In part 5 of this tutorial series we wrote the Javascript that is responsible for firing off the ajax events when a user is followed or unfollowed. Now, in this part, we are going to write the PHP side of the ajax events that takes care of processing the requests and sending a response back to our Javascript.

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  1. Robert Austin


    Great series. I do have a couple of questions though.

    1) In the article you say “You may recall that in the previous part we setup a JS variable called “ajaxurl” that points to the core WordPress admin-ajax.php file”.

    If that is the case why would the $_POST[‘user_id’] and $_POST[‘follow_id’] get posted to the Actions.php script?

    2) What does “wp_ajax_follow” refer to. To my understanding the first part of an add_action call should be the “point” when you wish the function to be called. In this case it looks like you have generated your own custom point where you can plug into a plug-in (so to speak). But I can’t find the “wp_ajax_follow” do_action call. I may have missed it though.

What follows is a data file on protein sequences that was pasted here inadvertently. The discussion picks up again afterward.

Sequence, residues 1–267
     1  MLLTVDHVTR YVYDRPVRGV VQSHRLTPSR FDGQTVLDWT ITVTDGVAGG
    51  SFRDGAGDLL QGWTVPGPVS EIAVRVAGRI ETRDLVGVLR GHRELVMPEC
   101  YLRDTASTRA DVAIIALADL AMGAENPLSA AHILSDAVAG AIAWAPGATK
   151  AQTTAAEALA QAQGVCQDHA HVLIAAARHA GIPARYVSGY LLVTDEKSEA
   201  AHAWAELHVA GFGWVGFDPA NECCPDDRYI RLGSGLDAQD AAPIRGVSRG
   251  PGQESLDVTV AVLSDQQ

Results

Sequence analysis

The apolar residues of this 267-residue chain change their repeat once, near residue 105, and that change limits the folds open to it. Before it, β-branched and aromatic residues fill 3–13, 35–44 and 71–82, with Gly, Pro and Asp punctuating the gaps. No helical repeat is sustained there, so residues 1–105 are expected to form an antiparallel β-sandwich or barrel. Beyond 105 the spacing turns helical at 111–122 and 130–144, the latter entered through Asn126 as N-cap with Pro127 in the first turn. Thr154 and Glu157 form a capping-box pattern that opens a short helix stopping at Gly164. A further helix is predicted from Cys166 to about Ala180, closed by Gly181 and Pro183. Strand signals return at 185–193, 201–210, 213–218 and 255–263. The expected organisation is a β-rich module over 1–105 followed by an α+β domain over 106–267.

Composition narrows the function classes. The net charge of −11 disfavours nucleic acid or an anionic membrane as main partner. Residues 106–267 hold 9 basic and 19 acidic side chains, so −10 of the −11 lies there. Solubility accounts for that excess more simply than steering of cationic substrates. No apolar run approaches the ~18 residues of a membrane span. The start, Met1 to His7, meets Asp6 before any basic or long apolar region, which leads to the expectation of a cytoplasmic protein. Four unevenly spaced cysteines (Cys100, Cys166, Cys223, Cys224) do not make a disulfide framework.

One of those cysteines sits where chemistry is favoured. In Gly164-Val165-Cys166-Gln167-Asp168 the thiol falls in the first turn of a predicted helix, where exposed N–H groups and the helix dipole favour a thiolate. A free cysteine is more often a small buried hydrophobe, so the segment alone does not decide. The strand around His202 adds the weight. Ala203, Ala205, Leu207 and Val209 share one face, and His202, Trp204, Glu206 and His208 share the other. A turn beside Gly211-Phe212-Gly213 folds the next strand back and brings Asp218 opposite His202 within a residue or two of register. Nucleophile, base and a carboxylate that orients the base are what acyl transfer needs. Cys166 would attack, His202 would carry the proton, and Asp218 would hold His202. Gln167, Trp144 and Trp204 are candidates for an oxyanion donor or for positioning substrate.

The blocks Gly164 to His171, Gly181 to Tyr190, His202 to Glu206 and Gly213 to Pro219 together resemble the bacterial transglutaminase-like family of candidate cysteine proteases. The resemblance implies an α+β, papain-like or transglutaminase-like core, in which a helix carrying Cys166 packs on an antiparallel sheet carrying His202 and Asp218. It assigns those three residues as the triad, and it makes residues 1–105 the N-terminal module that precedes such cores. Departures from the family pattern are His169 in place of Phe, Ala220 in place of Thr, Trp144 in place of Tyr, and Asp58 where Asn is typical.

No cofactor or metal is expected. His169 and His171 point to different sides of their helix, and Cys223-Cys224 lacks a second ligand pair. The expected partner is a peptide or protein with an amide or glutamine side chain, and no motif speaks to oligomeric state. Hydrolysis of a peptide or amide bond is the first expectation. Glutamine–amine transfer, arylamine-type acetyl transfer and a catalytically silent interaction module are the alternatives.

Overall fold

Robert Austin

    • Pippin

      1). The actions.php file simply holds this functions, but the actual processing happens in the WordPress core file called “admin-ajax.php”, which is what ajaxurl points to.

      2). In order to completely understand this, you will need to understand how processing ajax requests in WordPress works. Take a look at this tutorial I did to see if it clears everything up for you:

  2. Robert Austin


    Thank you for the response. That does help.


    Robert Austin

  3. Jacob Dubail

    Hi Pippin,

    Should you be verifying the nonce in the pwuf_process_new_follow and pwuf_process_unfollow functions?


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